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Human Resources & Payroll

Millennials Saving More, But Admit To Frequent Impulse Spending

Over half (55 percent) of the young adults surveyed admitted that they were impulse shoppers, defined as making an unplanned purchase of $30 or more on a daily or weekly basis. Impulse buyers are more likely than those who never or rarely make an ...

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One in three millennials (34 percent) rank saving money as their number one goal for the year, according to a new survey from the American Institute of Certified Public Accountants (AICPA) and the Ad Council

That puts saving ahead of living a healthy lifestyle (which 20 percent selected first), paying off debt (19 percent), and losing weight (14 percent). But while saving was a top priority, a majority of millennials attributed their lack of saving to impulse buying (65 percent).

For older millennials, those born between the early 1980’s and early 1990’s, saving is crucial as they work towards major milestones in their lives. When asked what they were saving money towards, respondents sought to secure their future by saving for an emergency fund (40 percent), saving for retirement (22 percent) or starting a family (15 percent). They also reported saving for larger purchases like a vacation (36 percent), a new house (27 percent), a car (26 percent), home improvements (20 percent), or a wedding (8 percent). To provide Americans aged 25 to 34 with the tips and tools to take control of their personal finances, AICPA and the Ad Council’s national advertising campaign, Feed the Pig, is continuing to collaborate with new partners to deliver this critical content in a relevant and engaging way.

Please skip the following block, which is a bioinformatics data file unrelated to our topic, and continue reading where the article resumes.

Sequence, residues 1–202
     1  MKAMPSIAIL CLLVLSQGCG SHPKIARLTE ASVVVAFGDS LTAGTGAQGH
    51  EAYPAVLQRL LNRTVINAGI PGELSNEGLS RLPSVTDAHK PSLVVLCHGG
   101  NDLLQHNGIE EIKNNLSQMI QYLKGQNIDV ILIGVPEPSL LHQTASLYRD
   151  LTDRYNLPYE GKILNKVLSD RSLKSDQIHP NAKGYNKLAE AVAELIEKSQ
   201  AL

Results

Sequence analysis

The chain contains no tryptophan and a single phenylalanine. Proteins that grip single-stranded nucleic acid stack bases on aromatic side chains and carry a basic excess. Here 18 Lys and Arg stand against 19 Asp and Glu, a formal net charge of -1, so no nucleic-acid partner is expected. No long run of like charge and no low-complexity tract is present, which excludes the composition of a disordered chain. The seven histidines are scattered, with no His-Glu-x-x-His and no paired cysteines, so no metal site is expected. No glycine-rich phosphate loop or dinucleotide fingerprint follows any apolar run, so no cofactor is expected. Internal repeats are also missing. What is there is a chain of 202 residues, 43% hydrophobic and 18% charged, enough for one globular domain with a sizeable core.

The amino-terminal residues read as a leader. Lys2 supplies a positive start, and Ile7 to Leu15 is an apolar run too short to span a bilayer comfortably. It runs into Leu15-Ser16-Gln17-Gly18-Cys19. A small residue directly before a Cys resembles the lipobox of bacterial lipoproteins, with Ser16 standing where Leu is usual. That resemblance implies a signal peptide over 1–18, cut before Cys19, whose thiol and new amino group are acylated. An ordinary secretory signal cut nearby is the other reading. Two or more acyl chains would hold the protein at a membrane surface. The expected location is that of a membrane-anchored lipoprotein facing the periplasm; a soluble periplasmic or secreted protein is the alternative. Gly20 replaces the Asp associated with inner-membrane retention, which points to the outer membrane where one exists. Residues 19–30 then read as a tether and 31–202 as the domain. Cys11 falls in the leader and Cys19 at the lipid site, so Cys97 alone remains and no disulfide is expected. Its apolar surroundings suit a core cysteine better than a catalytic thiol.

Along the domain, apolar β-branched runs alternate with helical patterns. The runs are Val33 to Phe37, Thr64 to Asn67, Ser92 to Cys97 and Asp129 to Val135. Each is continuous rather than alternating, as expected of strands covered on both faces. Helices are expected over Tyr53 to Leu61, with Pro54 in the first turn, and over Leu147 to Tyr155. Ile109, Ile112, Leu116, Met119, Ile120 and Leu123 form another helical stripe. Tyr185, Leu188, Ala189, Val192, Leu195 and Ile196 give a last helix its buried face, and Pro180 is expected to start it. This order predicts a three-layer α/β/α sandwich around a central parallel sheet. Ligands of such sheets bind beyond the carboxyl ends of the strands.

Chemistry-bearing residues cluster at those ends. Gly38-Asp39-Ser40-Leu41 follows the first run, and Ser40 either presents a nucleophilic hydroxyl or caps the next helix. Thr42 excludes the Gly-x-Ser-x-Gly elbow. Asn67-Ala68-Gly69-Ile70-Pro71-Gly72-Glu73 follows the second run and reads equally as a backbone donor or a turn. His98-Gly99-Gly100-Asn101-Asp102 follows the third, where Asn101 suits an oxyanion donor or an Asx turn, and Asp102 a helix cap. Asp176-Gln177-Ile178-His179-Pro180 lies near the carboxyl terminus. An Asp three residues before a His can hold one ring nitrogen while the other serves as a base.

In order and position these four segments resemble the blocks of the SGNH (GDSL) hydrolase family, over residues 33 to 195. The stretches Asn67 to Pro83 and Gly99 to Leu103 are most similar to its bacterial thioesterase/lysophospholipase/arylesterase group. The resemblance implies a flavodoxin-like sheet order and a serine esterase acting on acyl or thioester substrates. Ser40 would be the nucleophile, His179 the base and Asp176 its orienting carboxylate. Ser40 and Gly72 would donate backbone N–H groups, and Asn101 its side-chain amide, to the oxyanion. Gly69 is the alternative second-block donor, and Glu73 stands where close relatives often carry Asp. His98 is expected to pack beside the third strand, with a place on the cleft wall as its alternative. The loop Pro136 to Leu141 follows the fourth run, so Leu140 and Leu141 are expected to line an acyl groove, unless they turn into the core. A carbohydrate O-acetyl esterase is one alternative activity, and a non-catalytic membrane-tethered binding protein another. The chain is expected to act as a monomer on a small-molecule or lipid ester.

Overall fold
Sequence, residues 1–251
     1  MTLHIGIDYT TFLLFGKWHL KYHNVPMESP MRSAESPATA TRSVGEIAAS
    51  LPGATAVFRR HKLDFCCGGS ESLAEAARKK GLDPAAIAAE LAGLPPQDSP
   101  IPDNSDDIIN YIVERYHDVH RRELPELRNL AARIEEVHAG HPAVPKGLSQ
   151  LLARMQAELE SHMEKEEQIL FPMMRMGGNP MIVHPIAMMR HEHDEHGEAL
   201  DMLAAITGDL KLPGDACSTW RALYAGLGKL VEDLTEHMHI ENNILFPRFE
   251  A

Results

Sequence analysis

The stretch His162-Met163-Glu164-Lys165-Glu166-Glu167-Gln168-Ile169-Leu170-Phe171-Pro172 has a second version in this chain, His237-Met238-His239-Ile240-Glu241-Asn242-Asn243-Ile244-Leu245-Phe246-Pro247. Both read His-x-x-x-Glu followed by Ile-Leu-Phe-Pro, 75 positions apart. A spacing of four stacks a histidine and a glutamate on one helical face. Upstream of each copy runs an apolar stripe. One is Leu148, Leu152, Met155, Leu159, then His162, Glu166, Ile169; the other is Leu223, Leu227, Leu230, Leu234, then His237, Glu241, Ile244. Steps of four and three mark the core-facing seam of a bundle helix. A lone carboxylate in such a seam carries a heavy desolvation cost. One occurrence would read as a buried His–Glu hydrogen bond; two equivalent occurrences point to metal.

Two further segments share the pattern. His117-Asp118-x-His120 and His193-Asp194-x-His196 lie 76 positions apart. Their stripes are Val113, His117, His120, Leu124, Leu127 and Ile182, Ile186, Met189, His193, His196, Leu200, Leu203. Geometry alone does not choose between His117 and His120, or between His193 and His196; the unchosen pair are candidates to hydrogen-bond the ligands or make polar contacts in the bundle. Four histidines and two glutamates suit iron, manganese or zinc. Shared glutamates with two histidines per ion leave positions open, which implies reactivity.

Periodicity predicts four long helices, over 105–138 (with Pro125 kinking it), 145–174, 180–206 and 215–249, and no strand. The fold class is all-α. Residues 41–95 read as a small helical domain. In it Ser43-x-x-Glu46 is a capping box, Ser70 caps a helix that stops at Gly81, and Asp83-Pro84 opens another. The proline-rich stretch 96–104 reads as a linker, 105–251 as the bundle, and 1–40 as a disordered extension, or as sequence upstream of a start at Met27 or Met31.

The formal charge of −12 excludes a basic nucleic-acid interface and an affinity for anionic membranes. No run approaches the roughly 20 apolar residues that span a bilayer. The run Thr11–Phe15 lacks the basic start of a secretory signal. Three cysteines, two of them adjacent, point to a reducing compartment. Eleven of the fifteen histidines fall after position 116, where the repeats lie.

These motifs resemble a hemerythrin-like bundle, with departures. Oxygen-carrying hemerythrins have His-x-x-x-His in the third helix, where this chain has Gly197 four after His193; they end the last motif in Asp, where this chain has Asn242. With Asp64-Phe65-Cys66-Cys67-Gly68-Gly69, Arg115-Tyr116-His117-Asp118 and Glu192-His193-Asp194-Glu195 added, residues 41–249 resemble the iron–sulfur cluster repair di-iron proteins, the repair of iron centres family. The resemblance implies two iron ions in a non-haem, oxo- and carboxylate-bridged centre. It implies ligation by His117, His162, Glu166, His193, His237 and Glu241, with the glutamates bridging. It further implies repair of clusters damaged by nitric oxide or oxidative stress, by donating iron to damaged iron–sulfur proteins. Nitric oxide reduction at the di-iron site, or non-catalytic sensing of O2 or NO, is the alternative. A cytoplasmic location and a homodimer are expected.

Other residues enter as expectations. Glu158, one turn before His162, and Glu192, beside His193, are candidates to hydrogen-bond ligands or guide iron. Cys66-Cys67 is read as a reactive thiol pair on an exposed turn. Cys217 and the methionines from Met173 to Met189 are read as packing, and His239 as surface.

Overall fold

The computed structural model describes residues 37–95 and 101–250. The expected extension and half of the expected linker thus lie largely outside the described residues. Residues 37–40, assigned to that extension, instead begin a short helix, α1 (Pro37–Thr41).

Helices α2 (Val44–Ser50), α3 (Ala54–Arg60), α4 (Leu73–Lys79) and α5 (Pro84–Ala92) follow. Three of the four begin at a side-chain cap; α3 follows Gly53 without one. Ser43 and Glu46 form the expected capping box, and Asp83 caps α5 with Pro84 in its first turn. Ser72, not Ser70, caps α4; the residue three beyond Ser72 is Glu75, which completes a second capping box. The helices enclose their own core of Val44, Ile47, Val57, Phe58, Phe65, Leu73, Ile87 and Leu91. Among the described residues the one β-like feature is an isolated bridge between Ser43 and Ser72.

“Many young adults think saving is impossible,” said Gregory Anton, CPA, CGMA, chair of the AICPA’s National CPA Financial Literacy Commission. “While low salaries and high debt levels can certainly be barriers to saving, the key is to create a budget and stick to it. Establishing a disciplined saving strategy early in life and avoiding missteps will reap substantial long-term dividends.”